!-- Global site tag (gtag.js) - Google Analytics -->
Select Page

The Weekly Summary


Week after week, Wall Street shakes off the persistent impact of the COVID epidemic in order to look resolutely ahead to a healthier and more economically vibrant future. While the Dow Industrials still needs to recover a little ground, the S&P 500 has now repaired all YTD damage and is now just 5% from once again challenging all-time records. The Nasdaq, rich with Technology stocks, has long since left its pre-COVID peak behind and is now 9% beyond that level.


Many stocks are behaving as though the pandemic shock never happened. However, this is more about investor sentiment and the Federal Reserve's easy monetary policy than a sign of economic and corporate resilience. The economy remains extremely fragile, with recent estimates of Gross Domestic Product showing a 35% decline in the recent quarter and continued weakness through the remainder of the year. Roughly 51 million Americans have filed for unemployment benefits or are relying on less formal government support to pay the bills.


And corporate profits are in free fall. Six months ago we were confidently looking for 10% earnings growth this year across the S&P 500 as a whole. Since then, thanks to the combined force of the COVID quarantines and the ongoing oil glut, that growth target has turned into the gloomy certainty that earnings will drop at least 20% instead. That's deep enough deterioration to push corporate cash flow to where it was in 2017, before the federal tax cuts widened margins and raised the bottom line across the board.


Looking solely at the fundamentals, this is not the best time to buy stocks and look for instant gratification. Until earnings start moving in the right direction again (probably late this year or in early 2021), the market revolves around hope and even a little hype. As long as investors are willing to tolerate paying a steep 22X earnings for the S&P 500, hope is all we need. Of course we always prefer strong fundamentals as well, but for now sentiment is good enough. Day by day and week by week, the market mood remains intact.


After all, we've already survived the worst downswing in a generation and come out of it mostly unscathed on the whole. The BMR universe is up a healthy 15% YTD, which is all we ever ask for in any seven-month period -- and the gains are especially welcome in the face of the S&P 500's flat overall performance. Not losing money is our first priority. Making more money than index funds comes after that. We're achieving both goals despite the pandemic's worst efforts.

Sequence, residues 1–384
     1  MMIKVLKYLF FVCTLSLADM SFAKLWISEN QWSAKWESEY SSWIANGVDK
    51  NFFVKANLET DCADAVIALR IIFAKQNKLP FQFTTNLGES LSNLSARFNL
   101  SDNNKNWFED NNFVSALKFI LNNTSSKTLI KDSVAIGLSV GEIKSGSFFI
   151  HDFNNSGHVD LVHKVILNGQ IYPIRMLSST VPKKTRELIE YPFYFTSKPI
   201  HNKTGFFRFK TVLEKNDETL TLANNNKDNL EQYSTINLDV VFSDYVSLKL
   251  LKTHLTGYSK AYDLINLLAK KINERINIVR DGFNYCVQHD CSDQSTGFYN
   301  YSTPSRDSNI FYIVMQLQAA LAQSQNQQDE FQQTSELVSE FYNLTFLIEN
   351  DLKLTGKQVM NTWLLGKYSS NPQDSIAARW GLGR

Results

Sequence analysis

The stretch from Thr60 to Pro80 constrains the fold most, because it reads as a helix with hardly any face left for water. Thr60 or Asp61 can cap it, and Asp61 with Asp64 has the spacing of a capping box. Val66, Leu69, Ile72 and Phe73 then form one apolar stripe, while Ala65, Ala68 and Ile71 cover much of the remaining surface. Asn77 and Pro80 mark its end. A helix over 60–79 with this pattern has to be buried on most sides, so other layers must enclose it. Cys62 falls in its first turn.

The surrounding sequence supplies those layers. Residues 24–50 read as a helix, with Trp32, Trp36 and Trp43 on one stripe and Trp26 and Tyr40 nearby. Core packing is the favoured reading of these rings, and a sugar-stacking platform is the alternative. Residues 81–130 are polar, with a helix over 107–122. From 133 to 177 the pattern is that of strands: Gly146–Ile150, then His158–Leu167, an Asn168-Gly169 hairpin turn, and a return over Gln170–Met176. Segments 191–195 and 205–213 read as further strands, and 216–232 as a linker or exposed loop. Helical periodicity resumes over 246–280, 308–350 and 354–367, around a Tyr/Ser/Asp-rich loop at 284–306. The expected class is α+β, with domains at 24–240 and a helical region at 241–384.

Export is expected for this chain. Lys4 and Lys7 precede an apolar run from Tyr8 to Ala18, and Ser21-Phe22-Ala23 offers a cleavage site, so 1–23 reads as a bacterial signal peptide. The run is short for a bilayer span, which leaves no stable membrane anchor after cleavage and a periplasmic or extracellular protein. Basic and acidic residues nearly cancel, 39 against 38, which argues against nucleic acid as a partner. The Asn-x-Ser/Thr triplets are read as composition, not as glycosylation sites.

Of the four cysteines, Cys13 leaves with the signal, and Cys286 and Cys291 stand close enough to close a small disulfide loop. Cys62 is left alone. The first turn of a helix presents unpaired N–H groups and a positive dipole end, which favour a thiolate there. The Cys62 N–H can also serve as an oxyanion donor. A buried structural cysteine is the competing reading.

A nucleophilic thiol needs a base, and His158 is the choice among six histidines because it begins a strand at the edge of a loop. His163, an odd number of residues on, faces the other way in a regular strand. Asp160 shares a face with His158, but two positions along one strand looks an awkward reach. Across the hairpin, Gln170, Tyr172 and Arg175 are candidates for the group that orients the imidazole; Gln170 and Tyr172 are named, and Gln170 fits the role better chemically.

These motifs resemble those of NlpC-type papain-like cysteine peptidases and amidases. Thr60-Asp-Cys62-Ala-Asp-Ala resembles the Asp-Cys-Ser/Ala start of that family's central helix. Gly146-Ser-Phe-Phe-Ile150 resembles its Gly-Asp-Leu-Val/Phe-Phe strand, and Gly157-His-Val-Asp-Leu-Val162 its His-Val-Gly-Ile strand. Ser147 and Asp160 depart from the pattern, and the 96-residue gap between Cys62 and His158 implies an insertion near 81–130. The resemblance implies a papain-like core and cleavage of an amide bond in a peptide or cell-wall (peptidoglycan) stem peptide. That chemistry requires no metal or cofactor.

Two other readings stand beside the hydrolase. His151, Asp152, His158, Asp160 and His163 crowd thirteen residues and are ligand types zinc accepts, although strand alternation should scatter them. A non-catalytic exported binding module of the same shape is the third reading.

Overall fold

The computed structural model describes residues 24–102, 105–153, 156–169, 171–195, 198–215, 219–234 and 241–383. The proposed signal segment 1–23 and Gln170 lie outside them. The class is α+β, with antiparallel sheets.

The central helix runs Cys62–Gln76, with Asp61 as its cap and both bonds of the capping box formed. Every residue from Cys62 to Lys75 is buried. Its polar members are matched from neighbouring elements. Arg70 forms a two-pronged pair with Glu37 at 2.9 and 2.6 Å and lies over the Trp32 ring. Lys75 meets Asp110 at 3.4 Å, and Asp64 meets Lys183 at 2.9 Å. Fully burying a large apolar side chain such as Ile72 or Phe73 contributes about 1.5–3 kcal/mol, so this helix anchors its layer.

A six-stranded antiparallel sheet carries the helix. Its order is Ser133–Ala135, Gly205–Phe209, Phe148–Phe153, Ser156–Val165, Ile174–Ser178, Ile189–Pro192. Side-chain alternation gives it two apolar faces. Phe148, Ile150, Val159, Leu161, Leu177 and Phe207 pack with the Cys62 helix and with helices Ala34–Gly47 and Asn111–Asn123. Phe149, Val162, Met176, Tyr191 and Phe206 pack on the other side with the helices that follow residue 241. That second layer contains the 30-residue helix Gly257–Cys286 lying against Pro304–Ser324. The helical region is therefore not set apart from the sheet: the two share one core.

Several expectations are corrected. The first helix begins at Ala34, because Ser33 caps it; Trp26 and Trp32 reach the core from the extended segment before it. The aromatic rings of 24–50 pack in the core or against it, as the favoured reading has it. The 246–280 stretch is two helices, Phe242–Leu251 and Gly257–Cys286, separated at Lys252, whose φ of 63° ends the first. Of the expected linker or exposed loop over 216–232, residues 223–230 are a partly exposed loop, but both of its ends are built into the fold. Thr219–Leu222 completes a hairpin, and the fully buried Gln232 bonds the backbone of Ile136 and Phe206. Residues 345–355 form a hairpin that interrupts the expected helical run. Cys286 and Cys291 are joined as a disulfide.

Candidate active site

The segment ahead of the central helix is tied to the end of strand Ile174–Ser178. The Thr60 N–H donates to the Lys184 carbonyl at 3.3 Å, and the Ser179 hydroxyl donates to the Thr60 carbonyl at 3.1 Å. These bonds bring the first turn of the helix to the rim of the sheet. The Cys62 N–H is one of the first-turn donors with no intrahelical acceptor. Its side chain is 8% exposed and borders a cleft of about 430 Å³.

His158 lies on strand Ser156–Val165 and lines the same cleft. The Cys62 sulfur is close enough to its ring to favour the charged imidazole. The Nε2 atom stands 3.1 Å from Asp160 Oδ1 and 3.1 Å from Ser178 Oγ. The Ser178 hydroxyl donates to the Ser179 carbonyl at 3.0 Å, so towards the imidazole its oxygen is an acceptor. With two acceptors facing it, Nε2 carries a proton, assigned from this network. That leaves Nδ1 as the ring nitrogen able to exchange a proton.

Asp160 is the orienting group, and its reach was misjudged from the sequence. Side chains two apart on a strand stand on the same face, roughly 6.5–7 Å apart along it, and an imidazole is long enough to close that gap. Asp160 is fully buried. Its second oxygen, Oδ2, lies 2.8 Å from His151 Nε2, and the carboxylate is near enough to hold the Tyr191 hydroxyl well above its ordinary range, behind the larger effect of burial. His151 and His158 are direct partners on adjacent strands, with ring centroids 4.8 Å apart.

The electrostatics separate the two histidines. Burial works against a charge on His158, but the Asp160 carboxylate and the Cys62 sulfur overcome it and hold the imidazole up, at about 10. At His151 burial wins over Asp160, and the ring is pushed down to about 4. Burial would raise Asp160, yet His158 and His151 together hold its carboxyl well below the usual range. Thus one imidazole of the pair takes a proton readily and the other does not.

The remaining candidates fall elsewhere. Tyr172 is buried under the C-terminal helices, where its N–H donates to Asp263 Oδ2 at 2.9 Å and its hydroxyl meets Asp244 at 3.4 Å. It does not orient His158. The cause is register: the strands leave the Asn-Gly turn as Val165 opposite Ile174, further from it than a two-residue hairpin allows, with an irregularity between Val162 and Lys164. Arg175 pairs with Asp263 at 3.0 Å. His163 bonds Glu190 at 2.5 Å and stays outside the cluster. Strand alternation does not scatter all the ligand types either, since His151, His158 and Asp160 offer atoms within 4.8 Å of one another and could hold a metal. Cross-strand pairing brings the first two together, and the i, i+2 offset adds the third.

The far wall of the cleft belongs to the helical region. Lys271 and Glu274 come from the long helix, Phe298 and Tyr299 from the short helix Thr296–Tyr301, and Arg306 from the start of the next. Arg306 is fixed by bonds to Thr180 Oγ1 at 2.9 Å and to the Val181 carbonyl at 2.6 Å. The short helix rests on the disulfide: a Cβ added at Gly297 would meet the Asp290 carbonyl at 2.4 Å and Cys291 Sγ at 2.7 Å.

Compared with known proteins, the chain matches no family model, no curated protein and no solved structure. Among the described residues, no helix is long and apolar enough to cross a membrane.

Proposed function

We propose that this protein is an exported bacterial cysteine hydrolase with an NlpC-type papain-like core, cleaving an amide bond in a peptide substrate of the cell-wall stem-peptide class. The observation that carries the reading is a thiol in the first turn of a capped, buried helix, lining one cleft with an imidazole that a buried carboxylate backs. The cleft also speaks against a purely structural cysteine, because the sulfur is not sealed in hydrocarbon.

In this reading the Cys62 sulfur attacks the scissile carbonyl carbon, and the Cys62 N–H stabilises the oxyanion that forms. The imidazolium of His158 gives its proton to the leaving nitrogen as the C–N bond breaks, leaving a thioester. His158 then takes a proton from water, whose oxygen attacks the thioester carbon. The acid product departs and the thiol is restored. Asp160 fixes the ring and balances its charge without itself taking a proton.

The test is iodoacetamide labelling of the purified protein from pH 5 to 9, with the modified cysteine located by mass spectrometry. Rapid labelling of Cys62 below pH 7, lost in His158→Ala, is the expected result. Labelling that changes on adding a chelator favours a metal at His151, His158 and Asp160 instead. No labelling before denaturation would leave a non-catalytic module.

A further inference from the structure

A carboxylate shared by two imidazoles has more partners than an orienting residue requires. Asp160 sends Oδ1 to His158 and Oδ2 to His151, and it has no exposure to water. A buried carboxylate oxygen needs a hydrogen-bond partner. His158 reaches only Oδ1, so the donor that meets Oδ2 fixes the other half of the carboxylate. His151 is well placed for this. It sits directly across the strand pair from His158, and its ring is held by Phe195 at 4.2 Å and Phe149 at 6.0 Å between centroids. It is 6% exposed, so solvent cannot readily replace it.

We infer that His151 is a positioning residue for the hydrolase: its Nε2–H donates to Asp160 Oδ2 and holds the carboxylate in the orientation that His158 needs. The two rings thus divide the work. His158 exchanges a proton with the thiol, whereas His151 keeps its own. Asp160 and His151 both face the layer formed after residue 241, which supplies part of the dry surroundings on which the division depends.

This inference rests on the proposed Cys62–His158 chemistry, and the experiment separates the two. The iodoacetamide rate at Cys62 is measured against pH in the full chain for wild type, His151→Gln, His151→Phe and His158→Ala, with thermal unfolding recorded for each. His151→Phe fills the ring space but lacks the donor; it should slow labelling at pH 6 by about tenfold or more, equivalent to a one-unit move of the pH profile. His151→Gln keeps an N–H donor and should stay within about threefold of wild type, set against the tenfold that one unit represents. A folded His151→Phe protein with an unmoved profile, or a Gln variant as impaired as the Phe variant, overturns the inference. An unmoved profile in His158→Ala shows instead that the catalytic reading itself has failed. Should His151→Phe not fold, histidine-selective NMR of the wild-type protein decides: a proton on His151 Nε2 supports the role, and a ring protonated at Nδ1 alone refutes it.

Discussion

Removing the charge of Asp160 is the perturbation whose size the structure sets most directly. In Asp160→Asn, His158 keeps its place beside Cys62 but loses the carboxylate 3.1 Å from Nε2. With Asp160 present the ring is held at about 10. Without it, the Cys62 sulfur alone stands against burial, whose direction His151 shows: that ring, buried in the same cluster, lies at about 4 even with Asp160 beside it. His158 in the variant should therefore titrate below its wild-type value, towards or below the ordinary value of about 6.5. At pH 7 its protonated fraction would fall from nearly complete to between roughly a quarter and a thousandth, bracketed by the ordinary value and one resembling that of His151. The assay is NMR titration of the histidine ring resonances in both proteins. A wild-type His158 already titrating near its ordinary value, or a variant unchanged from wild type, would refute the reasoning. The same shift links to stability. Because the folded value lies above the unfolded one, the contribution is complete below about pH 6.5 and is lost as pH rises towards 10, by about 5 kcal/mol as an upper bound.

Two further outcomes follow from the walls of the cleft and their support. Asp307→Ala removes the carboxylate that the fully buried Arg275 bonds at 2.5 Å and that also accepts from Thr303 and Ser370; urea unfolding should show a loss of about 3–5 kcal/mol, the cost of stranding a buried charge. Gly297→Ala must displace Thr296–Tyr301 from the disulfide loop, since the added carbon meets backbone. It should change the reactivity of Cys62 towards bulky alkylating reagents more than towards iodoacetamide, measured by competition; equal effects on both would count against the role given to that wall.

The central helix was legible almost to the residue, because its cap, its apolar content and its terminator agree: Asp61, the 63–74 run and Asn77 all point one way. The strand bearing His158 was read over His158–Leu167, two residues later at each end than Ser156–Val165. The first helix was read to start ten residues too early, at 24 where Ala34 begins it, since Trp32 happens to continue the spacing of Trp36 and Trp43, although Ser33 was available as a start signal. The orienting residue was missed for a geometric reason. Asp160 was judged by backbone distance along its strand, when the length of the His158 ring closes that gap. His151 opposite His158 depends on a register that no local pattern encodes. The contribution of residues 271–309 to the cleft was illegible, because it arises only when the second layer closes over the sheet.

That said, many of our stocks, especially on the more "defensive" side, have had a rough time as the Fed slashed interest rates to zero and then flooded the market with easy cash for investors chasing growth at any price. Paradoxically enough, Real Estate and High Yield investments, normally the bulwark of any healthy portfolio, have been a drag for us, keeping our aggregate performance a few steps behind the Nasdaq. We aren't worried. When the market turns, defensive will feel good again and money will rotate back into the havens that currently look more than a little neglected.


And the market will turn. Whether the catalyst is a fresh flare in COVID cases or some other currently intangible threat, we will ultimately see growth give way to yield stocks. The November election is over three months away and will bring its share of doubts and worries no matter who wins or loses. While we would like a COVID vaccine as fast as possible, we also recognize that the development process takes time and is not without risk. However, we are well aware that the Fed is not going to allow another 2008-style market crash if they can help it. That awareness in itself is the best cushion a nervous investor can have.


So where are we? Remember, not all stocks are created equal. Fed policy supports all companies, but some business models are better suited to this environment than others. Technology companies remain almost entirely insulated from the virus and its effects, for example. Elsewhere, simply reducing the weight of obvious sore spots in the economy in our portfolios helps to eliminate a lot of the pressure that the S&P 500 still struggles to overcome.